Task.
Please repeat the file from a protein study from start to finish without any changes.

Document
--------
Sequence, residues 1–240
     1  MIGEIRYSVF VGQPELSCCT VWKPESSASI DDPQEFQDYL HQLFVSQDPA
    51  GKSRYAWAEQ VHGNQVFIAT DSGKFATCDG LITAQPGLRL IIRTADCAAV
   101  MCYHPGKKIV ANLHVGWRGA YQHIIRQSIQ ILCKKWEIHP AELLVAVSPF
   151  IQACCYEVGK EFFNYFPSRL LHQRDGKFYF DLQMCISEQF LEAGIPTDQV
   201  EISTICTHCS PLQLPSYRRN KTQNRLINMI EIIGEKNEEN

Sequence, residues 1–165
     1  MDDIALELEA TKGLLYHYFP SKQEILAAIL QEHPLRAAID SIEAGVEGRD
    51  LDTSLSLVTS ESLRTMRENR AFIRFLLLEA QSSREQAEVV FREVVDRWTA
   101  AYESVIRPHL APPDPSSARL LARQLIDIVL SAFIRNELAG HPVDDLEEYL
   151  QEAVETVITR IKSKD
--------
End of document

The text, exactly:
Sequence, residues 1–240
     1  MIGEIRYSVF VGQPELSCCT VWKPESSASI DDPQEFQDYL HQLFVSQDPA
    51  GKSRYAWAEQ VHGNQVFIAT DSGKFATCDG LITAQPGLRL IIRTADCAAV
   101  MCYHPGKKIV ANLHVGWRGA YQHIIRQSIQ ILCKKWEIHP AELLVAVSPF
   151  IQACCYEVGK EFFNYFPSRL LHQRDGKFYF DLQMCISEQF LEAGIPTDQV
   201  EISTICTHCS PLQLPSYRRN KTQNRLINMI EIIGEKNEEN

Sequence, residues 1–165
     1  MDDIALELEA TKGLLYHYFP SKQEILAAIL QEHPLRAAID SIEAGVEGRD
    51  LDTSLSLVTS ESLRTMRENR AFIRFLLLEA QSSREQAEVV FREVVDRWTA
   101  AYESVIRPHL APPDPSSARL LARQLIDIVL SAFIRNELAG HPVDDLEEYL
   151  QEAVETVITR IKSKD